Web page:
Novel trial targets genetic form of ALS
Washington University School of Medicine researchers are investigating a novel targeted therapy to treat the neurodegenerative disorder ALS
A diagnosis of ALS, or amyotrophic lateral sclerosis, is devastating.
Once a patient is diagnosed with the neurodegenerative disease, also known as Lou Gehrig’s disease, average survival is just three to five years. But some patients with a particular genetic form of ALS may die within one year.
This form of the disease involves a mutation in the SOD1 gene, which researchers at Washington University are targeting. They have completed a phase 1 safety trial and are now moving on to phase 2 studies, with the ultimate goal of prolonging survival.
“This is a targeted therapy for one genetic form of the disease,” says neurologist and lead investigator Timothy Miller, MD, PhD. “This type of targeted approach is used in clinical trials for cancer, but it is new to do this for neurodegenerative diseases and ALS.”
Testing a gene-targeting molecule
More than 100 changes, or mutations, in the SOD1 gene account for 2 percent of all ALS cases. But the mutations’ exact role in causing ALS is unknown. Rather than try to understand that connection, Miller and his colleagues are focused on a therapy that blocks gene’s production of the SOD1 protein.
In the trials, Miller delivers a molecule called an antisense oligonucleotide into the cerebrospinal fluid (the fluid found in the brain and spine). This molecule blocks the SOD1 gene and has the goal of lowering SOD1protein concentrations there. The trials are the very first to deliver such a molecule directly into human cerebrospinal fluid to treat a widespread central nervous system disorder.
“We hope that this type of approach, which is targeted to the known problem, will be able to slow down the disease in a way that hasn’t been done before,” Miller says. “We don’t know what to expect in humans as the trials move forward, but many of us believe this is the best shot we have in slowing down the disease.”
After promising results in a rat model of the disease, Miller and colleagues—including co-lead investigator Merit Cudkowicz, MD, of Harvard—performed a phase 1 human trial in four groups of eight patients each. In each group, six patients received the antisense oligonucleotide molecule and two received a placebo.
Though many study participants had minor adverse events, such as back pain and nausea, there were no dose-limiting toxic effects and no safety or tolerability concerns related to the oligonucleotide. Patients were allowed to re-enroll in later groups, and the researchers found that re-enrollment and re-treatment also were well-tolerated.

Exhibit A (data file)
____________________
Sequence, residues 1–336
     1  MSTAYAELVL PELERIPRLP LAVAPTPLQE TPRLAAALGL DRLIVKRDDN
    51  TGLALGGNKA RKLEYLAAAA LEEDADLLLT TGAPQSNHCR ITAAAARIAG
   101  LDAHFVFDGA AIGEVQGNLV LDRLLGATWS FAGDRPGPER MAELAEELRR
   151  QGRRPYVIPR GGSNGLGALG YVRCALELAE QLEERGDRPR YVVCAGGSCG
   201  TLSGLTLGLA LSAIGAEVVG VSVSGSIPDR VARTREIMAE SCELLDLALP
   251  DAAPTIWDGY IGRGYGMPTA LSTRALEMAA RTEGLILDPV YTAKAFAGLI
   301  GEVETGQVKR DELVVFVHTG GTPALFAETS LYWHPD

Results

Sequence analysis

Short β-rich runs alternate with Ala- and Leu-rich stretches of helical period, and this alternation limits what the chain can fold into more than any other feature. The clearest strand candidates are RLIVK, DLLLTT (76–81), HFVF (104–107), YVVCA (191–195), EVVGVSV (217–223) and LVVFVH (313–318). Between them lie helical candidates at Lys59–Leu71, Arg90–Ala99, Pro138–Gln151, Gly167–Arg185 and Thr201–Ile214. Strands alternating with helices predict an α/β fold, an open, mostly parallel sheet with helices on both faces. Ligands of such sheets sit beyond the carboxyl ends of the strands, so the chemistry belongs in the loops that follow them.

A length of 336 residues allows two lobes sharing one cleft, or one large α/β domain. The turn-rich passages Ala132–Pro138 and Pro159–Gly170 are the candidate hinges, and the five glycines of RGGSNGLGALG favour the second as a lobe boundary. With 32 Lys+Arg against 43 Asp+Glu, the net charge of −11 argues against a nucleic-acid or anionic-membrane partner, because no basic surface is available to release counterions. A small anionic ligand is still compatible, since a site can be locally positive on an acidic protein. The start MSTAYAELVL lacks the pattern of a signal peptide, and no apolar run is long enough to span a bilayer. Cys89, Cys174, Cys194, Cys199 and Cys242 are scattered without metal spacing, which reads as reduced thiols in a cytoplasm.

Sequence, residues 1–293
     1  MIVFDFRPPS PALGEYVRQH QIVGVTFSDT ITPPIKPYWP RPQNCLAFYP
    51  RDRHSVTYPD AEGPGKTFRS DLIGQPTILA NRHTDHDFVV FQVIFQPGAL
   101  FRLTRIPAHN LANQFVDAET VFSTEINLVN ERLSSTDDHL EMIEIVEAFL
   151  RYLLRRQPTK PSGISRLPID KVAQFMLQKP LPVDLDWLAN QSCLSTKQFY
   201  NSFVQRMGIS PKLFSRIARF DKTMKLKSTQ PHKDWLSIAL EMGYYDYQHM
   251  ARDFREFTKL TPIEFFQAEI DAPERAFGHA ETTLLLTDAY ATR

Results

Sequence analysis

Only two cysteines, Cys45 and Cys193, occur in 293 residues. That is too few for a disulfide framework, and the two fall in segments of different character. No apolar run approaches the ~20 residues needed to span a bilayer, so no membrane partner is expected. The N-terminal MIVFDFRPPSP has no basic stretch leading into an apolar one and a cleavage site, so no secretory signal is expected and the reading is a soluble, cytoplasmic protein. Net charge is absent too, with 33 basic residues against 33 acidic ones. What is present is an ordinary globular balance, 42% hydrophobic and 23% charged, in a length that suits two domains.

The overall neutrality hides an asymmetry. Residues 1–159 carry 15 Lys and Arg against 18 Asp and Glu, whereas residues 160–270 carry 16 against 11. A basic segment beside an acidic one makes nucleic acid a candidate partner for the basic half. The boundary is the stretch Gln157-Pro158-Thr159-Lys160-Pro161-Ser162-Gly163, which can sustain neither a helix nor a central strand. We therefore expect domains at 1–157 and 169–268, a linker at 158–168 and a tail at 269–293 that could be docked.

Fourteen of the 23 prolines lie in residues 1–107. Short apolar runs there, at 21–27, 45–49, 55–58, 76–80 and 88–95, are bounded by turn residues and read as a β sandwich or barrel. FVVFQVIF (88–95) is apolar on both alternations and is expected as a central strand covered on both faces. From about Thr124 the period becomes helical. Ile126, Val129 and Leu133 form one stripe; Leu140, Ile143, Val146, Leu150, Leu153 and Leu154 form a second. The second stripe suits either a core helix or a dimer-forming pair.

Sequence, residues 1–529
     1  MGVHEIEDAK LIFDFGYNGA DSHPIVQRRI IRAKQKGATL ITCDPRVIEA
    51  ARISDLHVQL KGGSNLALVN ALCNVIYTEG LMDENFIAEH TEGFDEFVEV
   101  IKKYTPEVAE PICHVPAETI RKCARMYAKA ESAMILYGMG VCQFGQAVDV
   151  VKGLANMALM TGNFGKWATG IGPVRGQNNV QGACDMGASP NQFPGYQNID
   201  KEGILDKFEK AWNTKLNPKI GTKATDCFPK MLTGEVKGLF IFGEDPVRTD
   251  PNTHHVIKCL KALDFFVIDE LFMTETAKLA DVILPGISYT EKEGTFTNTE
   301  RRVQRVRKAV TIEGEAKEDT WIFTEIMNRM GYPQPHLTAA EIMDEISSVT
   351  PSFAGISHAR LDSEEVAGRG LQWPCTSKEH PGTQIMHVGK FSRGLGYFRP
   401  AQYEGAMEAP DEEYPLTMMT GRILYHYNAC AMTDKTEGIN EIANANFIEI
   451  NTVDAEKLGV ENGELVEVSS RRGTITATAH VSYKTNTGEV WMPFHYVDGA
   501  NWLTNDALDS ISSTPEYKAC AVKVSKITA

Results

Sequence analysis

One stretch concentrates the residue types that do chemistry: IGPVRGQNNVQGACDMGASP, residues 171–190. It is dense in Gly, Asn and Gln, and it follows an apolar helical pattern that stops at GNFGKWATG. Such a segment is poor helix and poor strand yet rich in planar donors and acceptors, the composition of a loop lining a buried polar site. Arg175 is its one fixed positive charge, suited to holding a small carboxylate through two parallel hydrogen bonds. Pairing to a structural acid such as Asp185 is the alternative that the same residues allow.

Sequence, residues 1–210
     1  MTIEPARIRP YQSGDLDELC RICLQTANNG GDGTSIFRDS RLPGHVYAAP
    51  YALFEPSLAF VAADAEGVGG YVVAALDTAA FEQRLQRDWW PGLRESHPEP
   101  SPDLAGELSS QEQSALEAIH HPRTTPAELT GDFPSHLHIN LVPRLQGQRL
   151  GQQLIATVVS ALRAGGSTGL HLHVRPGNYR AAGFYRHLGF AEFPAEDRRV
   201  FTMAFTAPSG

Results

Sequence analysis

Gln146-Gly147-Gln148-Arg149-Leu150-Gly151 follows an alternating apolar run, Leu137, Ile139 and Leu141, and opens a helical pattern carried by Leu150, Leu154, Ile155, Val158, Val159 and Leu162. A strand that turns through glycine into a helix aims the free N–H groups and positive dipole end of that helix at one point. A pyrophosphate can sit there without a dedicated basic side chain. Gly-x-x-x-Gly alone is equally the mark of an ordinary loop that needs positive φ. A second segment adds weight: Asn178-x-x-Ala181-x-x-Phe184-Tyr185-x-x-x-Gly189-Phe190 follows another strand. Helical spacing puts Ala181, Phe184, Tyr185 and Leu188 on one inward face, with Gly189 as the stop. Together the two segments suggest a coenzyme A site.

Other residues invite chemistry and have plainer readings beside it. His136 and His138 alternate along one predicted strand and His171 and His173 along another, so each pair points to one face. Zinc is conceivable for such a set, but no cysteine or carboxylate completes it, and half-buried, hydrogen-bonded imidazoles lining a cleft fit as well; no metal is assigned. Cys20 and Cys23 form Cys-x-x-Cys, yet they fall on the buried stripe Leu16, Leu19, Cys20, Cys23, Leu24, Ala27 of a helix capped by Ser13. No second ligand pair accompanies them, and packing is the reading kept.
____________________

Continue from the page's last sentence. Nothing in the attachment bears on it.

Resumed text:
“We were very encouraged by the trial results,” Miller says. “We found that the therapy was very safe. We’re enthusiastic about moving forward with phase 2 of the trial.”
The phase 1 results were published in The Lancet Neurology in March 2013.
Phase 2 will likely involve about 40 patients, and the primary goal will again be to use an antisense oligonucleotide to lower SOD1 protein in the cerebrospinal fluid. The researchers will also pay great attention to safety as the antisense oligonucleotide is administered at higher doses and for longer periods of time.
Strong family history
Miller explains that most patients with SOD1 ALS have a strong family history of ALS and therefore are tested for the gene. This genetic testing is important because anyone diagnosed with this form of the disease will be a potential candidate for the targeted therapy that Miller and his colleagues are studying.
Considering the fact that some patients with SOD1 ALS die nine to 12 months after their diagnosis, Miller says the researchers are moving as fast as they reasonably can to begin phase 2 of the trial.
“These kinds of trials of novel therapies take important commitment from the patient population,” Miller says. “It’s important to recognize the brave volunteers who step forward to participate and make these trials go—the families and the patients. This is not easy for them to do.”
Washington University was one of four clinical sites involved in the phase I trial. The others were Massachusetts General Hospital, Johns Hopkins and the Methodist Neurological Institute in Houston.
“We are mapping out a novel way to treat neurodegenerative syndromes,” Miller says. “This approach could be applied to other neurodegenerative diseases, including some forms of Alzheimer’s disease, Parkinson’s disease, Huntington’s disease and other conditions. And one could develop the exact same approach for any new genetic target defined for ALS.”
To find out if this trial is still enrolling, please contact clinical research specialist Jennifer Jockel-Balsarotti at 314-362-8624 or email@example.com.
Editors note: The trial is supported by the ALS Association, the Muscular Dystrophy Association and Isis Pharmaceuticals, maker of the antisense oligonucleotide used in the trial.